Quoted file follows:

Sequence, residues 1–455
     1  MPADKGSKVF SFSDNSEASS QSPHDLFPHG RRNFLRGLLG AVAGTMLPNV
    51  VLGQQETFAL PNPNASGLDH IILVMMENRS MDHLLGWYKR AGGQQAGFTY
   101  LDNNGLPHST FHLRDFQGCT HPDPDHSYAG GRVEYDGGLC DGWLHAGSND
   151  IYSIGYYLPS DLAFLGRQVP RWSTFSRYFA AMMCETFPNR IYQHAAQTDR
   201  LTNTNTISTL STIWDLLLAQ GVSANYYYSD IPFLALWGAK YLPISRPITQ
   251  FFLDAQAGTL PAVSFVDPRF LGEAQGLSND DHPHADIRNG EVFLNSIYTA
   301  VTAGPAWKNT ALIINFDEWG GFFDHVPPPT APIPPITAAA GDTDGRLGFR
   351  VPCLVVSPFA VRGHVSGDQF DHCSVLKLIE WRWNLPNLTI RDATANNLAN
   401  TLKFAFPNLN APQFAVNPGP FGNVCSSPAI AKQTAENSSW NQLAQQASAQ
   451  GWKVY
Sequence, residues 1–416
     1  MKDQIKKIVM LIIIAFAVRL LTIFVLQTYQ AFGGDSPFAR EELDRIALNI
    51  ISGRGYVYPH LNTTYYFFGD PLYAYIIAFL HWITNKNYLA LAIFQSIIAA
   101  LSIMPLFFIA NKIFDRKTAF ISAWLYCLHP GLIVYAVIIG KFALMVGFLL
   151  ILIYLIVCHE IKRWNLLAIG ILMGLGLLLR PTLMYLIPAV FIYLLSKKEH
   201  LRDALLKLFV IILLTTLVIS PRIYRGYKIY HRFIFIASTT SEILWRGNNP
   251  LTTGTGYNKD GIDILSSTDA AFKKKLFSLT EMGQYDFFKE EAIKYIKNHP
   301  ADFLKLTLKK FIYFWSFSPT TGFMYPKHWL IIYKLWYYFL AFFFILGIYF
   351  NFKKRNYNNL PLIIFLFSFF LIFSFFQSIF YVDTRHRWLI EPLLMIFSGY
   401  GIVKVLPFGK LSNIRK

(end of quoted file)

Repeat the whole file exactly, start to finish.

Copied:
Sequence, residues 1–455
     1  MPADKGSKVF SFSDNSEASS QSPHDLFPHG RRNFLRGLLG AVAGTMLPNV
    51  VLGQQETFAL PNPNASGLDH IILVMMENRS MDHLLGWYKR AGGQQAGFTY
   101  LDNNGLPHST FHLRDFQGCT HPDPDHSYAG GRVEYDGGLC DGWLHAGSND
   151  IYSIGYYLPS DLAFLGRQVP RWSTFSRYFA AMMCETFPNR IYQHAAQTDR
   201  LTNTNTISTL STIWDLLLAQ GVSANYYYSD IPFLALWGAK YLPISRPITQ
   251  FFLDAQAGTL PAVSFVDPRF LGEAQGLSND DHPHADIRNG EVFLNSIYTA
   301  VTAGPAWKNT ALIINFDEWG GFFDHVPPPT APIPPITAAA GDTDGRLGFR
   351  VPCLVVSPFA VRGHVSGDQF DHCSVLKLIE WRWNLPNLTI RDATANNLAN
   401  TLKFAFPNLN APQFAVNPGP FGNVCSSPAI AKQTAENSSW NQLAQQASAQ
   451  GWKVY
Sequence, residues 1–416
     1  MKDQIKKIVM LIIIAFAVRL LTIFVLQTYQ AFGGDSPFAR EELDRIALNI
    51  ISGRGYVYPH LNTTYYFFGD PLYAYIIAFL HWITNKNYLA LAIFQSIIAA
   101  LSIMPLFFIA NKIFDRKTAF ISAWLYCLHP GLIVYAVIIG KFALMVGFLL
   151  ILIYLIVCHE IKRWNLLAIG ILMGLGLLLR PTLMYLIPAV FIYLLSKKEH
   201  LRDALLKLFV IILLTTLVIS PRIYRGYKIY HRFIFIASTT SEILWRGNNP
   251  LTTGTGYNKD GIDILSSTDA AFKKKLFSLT EMGQYDFFKE EAIKYIKNHP
   301  ADFLKLTLKK FIYFWSFSPT TGFMYPKHWL IIYKLWYYFL AFFFILGIYF
   351  NFKKRNYNNL PLIIFLFSFF LIFSFFQSIF YVDTRHRWLI EPLLMIFSGY
   401  GIVKVLPFGK LSNIRK